President Xi broke tradition and laid out goals for both the next five and the next 15 years. He committed that China would aim to achieve major breakthroughs in key technologies such as advanced manufacturing, cyberspace, and digital technology to become a global technological leader by 2035. He committed that China would focus on improving the environment to achieve a “Beautiful China” within the same period. The new five-year plan and the longer-range objectives through 2035 will be submitted to the National People’s Congress, China’s national legislature, for approval next year.

Wang Huiyao, president of the Center for China and Globalization, a Beijing-based think tank, said the five-year plan was an important one because it is likely to steer China through the middle-income trap. China was defined as an upper-middle-income country with a per capita income of $10,410 in 2019, according to the National Bureau of Statistics. The World Bank defines a high-income country as one with a per capita income above $12,056. “Many countries, particularly from Latin America, have failed to make that breakthrough but China is putting the right policies in place such as the focus on higher quality growth,” Wang said.

An underlying theme at the conference was a focus on China taking measures to prioritize domestic production and consumption in some areas so it is less dependent on the US and other Western suppliers.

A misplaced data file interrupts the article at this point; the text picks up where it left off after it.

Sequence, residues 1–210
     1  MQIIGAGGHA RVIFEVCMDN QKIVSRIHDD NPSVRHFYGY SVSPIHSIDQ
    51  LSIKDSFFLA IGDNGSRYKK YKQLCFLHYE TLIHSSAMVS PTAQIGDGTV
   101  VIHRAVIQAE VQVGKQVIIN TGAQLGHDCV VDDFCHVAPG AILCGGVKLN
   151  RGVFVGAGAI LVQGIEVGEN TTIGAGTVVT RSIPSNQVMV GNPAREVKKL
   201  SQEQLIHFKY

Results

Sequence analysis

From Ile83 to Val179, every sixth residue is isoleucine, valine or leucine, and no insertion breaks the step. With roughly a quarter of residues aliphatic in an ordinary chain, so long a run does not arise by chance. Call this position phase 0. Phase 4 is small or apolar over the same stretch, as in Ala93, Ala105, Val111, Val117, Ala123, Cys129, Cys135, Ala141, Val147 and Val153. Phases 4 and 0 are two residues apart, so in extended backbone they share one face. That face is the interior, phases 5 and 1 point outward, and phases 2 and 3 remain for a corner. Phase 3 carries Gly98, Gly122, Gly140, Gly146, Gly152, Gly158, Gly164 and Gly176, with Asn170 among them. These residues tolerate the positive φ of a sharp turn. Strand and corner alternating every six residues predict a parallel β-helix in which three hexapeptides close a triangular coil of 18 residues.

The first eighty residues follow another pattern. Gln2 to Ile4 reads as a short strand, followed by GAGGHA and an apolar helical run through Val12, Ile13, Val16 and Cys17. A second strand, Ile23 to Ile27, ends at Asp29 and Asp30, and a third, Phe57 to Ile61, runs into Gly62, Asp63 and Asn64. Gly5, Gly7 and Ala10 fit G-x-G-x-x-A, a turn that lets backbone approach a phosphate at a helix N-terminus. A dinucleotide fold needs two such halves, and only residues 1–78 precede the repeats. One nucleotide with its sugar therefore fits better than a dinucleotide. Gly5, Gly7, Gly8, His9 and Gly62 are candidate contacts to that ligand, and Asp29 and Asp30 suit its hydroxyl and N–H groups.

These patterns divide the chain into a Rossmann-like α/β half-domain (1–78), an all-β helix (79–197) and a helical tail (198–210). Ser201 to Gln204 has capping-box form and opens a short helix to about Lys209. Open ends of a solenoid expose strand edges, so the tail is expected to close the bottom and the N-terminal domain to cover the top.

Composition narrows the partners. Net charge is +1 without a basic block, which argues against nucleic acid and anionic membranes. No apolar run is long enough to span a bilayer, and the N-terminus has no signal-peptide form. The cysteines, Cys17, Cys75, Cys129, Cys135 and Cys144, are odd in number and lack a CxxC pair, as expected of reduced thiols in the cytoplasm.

Zhu Ning, an expert on China’s financial system and professor of finance at Shanghai Jiao Tong University’s Shanghai Advanced Institute of Finance told the China Daily News that an emphasis on the quality rather than quantity of growth was the right way forward. “Putting in place goals to be achieved over 15 years instead of five also gets people to think qualitatively rather than quantitatively.”

Delegates at the conference determined that for China to meet its developmental targets, further reform of the nation’s governance system is necessary. Ma Liang, a professor of public policy at Renmin University of China's National Academy of Development and Strategy in Beijing, said the Fifth Plenary Session was right to emphasize good governance and improving government capacity. “Government reform and innovation is vital to achieve economic and social development. It will also boost public confidence in government capacity,” he said.

At the closing of the Fifth Plenary Session, President Xi said “victory was in sight” in terms of China achieving a moderately prosperous society in all respects in time for next year's 100th anniversary of the CPC. 

Stephen Roach, a leading US economist and senior fellow at Yale University’s Jackson Institute for Global Affairs, and the former head of Asia and chief economist at investment bank Morgan Stanley, said China’s record on poverty reduction “is unprecedented in the annals of modern global history.” China has moved more than 450 million people into middle income streams in the past two decades. Roach lauded the overall approach laid out at the conference saying it was possible to have confidence in the future direction it has now set by how it has dealt with both the global financial crisis in 2008 and the COVID-19 pandemic this year. “China’s relative successes in dealing with two major global crises in the past dozen years certainly stand in sharp contrast with the approach of other leading nations,” he noted.

*with notes from China Daily News and Reuters